Cadillac Seville STS (2001)
SEE ALSO: Cadillac Buyer's Guide
By Matt/Bob Hagin
SPECIFICATIONS Manufacturer's Suggested Retail Price $ 48,045 Price As Tested $ 51,695 Engine Type DOHC 32-valve 4.6 Liter V8 w/SMFI* Engine Size 279 cid/4565 cc Horsepower 300 @ 6000 RPM Torque (lb-ft) 295 @ 4400 RPM Wheelbase/Width/Length 112.2"/75.0"/201.0" Transmission Four-speed automatic Curb Weight 4202 pounds Fuel Capacity 18.5 gallons Tires (F/R) P235/60ZR16 H-rated Brakes (F/R) Disc (ABS)/drum (ABS) Drive Train Front-engine/front-wheel-drive Vehicle Type Five-passenger/four-door Domestic Content N/A Coefficient of Drag (Cd.) 0.31 PERFORMANCE EPA Economy, miles per gallon city/highway/average 17/27/22 0-60 MPH 6.5 seconds 1/4 (E.T.) 16.0 seconds @ 90.5 mph Top-speed 140 mph * Sequential multi-port fuel injection
(The Seville name first appeared on a Cadillac 45 years ago, according to Bob Hagin. His son Matt says that's the birth year of the target age group for the latest Seville STS model.)
MATT - Cadillac has been going to great lengths and spending lots of promotional money to try to lower the age of its customer base, Dad. The last I heard, its demographics were up in the mid-'60s and while the money that you old timers spend is just as green as anyone else's, Cadillac would like to get a chunk of Baby Boomer money too. To attract them, it's doing glitzy stuff like entering sports car Prototype endurance racers in events such as the 24 Hours of Le Mans and other world-class races. It even provided a half dozen hot-rodded Seville STS sedans for the Le Mans officials to use as "chase" cars and one was even designated as the pace car for the event.
BOB - Cadillac not only has eyes for the affections of you younger folks here at home, it would like to get in on the worldwide action in luxury cars, so much so that for the first time since '41, the company is making its products available with right-hand steering. But to get into that market, it had to produce a vehicle that would be quick, handle well and be luxurious at the same time. Its Seville STS is an ideal car for that role. It weighs in at just under 4000 pounds and its Northstar 4.6-liter engine puts out a very impressive 300 horses and 295 pound-feet of torque. It's an all-aluminum V8 that sports chain-driven dual overhead cams, four valves per cylinder and a very sophisticated engine management system. It can do 140 MPH, which is something we old-timers don't need to hear too much about.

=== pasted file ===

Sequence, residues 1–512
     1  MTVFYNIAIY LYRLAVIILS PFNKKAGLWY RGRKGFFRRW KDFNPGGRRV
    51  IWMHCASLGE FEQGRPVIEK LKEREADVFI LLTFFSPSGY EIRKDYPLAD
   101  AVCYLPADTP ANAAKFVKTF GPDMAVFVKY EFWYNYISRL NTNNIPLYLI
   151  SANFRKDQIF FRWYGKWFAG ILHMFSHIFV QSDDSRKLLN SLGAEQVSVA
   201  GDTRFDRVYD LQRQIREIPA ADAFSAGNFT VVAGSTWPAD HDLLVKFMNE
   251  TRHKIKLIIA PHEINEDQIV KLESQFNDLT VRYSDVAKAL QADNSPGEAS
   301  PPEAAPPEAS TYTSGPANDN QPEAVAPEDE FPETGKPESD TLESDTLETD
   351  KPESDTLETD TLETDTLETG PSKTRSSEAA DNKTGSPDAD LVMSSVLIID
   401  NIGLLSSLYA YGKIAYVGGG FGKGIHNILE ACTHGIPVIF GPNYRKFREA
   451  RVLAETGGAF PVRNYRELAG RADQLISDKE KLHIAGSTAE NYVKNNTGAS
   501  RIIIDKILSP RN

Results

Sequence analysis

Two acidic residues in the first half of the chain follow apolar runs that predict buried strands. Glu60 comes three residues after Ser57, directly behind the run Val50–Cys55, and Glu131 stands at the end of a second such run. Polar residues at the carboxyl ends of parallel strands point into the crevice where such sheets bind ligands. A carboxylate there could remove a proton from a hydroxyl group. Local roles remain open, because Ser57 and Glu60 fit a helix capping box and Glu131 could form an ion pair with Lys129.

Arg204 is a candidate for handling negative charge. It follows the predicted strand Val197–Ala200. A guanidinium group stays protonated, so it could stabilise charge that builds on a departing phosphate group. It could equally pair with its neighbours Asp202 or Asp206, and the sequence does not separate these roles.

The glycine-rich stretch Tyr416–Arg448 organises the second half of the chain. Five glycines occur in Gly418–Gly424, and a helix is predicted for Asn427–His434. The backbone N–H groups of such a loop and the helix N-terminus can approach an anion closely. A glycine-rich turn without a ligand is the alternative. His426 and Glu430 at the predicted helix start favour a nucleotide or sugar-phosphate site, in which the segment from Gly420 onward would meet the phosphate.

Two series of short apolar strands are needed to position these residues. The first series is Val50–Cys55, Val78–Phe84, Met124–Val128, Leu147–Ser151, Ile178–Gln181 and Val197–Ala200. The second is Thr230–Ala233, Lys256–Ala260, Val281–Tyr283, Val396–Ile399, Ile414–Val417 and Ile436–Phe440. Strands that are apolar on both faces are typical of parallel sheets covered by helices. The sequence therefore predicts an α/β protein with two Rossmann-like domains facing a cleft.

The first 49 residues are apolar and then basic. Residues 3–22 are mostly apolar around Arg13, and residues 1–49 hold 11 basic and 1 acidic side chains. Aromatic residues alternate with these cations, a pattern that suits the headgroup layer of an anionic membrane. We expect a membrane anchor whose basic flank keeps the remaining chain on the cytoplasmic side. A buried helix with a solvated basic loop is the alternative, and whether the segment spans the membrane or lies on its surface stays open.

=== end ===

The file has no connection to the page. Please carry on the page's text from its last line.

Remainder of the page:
MATT - But it's nice to know that the power is there if it's needed. The obligatory four-speed automatic used for Seville has its up-and-down shifting points computer controlled, so it can instantly judge how the operator is driving. "Hot" driving makes it hold engine rpms longer by keeping it in a lower gear for longer period of time, which happens if the driver is lead-footing onto the freeway or out on the back roads. Our Seville carried what the company calls "Stabilitrac," a system that applies individual braking force at different wheels to keep the driver in control in the event that he or she gets carried away while showing off on twisting country roads. And to make sure the driver doesn't experience a blowout or diminished control due to under inflated tires, each of them has a built-in low-pressure warning sensor. In this era of self-serve gas stations and extended service periods, this device is very appropriate.
BOB - The interior of the Seville STS is pretty impressive too. The upholstery is leather, of course, and if you want cloth seat covers, you'll have to live in another country because it isn't offered here. The front seats are instantly adaptive to the body contours of the driver and front-seat passenger and if the system moved any faster, it would be considered a full-body massage. The dash carries a device that Cadillac calls an "infotainment" center which displays e-mail, provides a voice-directed mapping system and has a voice recorder for to capture inspiring thoughts. The Bose-brand sound system automatically shuts off whatever else is playing to announce difficult road conditions in the area. And to further point out Cadillac's interest in foreign markets, the voice and written information the driver gets can also be programmed in German, French, Spanish and Japanese as well as American English.
MATT - I think that the device I like best is the gizmo that helps the driver to back up into a parking space. There's a pair of sensing devices in the rear bumper that automatically warns if the Seville is getting too close for comfort. It would be especially helpful for older folks like you, Dad. It would keep you from making those parking maneuvers that require you to use the Braille system and keep backing up until you bump the car in back.
BOB - You're right about that and it was particularly embarrassing when the vehicle I backed into was a police car. Those guys have very long memories, Matt.